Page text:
Pence repeatedly said that the U.S. was weakened by the Obama administration, including Hillary Clinton as secretary of state, and that is why there is more chaos in the Middle East, why Russia is expanding its military domination along its borders, and why China is doing the same in the Pacific. He said all that would change once the world faced a U.S. president who was tough and commanded respect. Kaine countered that the Obama administration has solved some big problems by killing Osama bin Laden, negotiating a nuclear arms reduction treaty with Russia and making the recent nuclear deal with Iran. When asked why Russia was so difficult, Kaine responded that Putin was a dictator, but the U.S. had to work with him on some issues while opposing him on others. He said Clinton, not Trump, knows how to negotiate that line.
As the debate went on, the details flying back and forth became a blur. The moderator, CBS News’ Elaine Quijano, tried to corral the candidates but could not stop them from jumping to any point they wanted to pursue. In the end, the most poignant exchange might have come from her question seeking an example of where their private religious faith conflicted with their public stances on issues while holding elected office.
Kaine said he personally opposes the death penalty but was forced to carry out executions as Virginia’s governor, as he had pledged when running for that office. Pence, in contrast, spoke of becoming a born-again Christian in college and using any power at his disposal to protect the rights of unborn children, leading to a very aggressive record on opposing choice. If elected, Pence said he would work to repeal Roe v. Wade, prompting Kaine to interrupt and ask why Trump said women seeking abortions should be punished.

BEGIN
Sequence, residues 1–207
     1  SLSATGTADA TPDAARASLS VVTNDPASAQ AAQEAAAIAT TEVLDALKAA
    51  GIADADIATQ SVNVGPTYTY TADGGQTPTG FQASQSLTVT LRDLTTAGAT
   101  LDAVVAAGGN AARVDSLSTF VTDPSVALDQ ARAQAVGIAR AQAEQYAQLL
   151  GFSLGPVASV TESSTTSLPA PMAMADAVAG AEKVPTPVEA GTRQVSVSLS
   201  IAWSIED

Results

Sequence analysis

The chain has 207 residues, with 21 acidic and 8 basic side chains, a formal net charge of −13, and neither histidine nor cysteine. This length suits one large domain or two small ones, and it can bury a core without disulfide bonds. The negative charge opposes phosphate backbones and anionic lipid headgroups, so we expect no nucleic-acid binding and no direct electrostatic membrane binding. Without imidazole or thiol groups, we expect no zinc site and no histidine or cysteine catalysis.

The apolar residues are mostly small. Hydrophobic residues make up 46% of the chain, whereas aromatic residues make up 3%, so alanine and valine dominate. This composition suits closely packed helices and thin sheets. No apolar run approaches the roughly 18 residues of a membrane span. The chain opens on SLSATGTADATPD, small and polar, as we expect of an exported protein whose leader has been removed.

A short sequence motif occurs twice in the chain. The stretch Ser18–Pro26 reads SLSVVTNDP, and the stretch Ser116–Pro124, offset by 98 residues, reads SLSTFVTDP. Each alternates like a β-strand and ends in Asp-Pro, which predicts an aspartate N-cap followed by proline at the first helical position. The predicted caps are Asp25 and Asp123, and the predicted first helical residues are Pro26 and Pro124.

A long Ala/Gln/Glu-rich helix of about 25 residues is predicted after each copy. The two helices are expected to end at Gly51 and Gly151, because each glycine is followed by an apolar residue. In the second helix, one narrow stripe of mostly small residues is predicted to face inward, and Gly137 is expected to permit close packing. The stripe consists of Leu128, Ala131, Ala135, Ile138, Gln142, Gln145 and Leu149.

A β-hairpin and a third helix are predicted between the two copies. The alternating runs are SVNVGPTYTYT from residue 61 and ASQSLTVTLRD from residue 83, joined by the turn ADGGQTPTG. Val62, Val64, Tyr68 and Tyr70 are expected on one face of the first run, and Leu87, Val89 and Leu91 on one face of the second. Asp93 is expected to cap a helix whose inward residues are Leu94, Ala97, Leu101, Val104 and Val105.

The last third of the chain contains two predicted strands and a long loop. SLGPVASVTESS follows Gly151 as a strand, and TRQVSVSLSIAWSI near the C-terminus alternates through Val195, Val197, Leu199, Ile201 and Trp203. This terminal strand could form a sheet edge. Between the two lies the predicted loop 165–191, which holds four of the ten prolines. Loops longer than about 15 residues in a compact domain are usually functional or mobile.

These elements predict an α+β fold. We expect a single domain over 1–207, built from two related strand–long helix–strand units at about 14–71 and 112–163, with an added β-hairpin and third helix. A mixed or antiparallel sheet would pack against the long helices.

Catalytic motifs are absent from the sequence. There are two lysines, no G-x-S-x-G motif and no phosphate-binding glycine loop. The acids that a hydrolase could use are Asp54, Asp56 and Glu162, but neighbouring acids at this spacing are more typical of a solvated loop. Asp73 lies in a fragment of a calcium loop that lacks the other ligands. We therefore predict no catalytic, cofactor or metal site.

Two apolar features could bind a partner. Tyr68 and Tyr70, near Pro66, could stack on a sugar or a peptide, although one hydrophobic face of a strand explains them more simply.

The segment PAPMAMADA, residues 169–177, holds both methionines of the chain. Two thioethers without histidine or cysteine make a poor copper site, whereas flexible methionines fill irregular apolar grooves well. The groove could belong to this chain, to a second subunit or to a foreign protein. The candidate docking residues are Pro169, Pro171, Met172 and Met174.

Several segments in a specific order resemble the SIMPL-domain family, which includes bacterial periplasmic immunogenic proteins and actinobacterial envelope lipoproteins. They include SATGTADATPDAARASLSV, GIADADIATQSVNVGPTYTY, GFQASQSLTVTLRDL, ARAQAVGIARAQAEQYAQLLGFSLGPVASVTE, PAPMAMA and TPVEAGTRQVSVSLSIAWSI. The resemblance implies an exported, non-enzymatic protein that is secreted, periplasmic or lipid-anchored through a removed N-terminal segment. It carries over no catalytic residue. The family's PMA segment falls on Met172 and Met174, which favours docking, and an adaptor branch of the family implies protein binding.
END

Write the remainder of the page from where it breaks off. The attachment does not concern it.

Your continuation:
Pence surprisingly admitted Trump was “not a polished politician,” trying to dismiss the remark. Kaine quickly quoted a biblical verse saying you should believe what someone says when they speak from their heart: “When Trump says this, he is telling you who he is.”
“Why don’t you trust women to make this choice for themselves?” he asked Pence. “Why doesn’t Donald Trump trust women to make this choice for themselves?”
Pence replied that a country will be judged by how it treats its most vulnerable, echoing an oft-repeated line from the anti-choice movement.
The debate ended as abruptly as it began, with both candidates painting very different pictures of America—one hopeful, one failing—as the presidential candidates do every day on the campaign trail. What was most striking was not just that the vice presidential nominees were actually delving into policy details and very different agendas, but how the Republican Party, devoid of Trump, remains a party dominated by right-wingers who would wreak havoc domestically and abroad.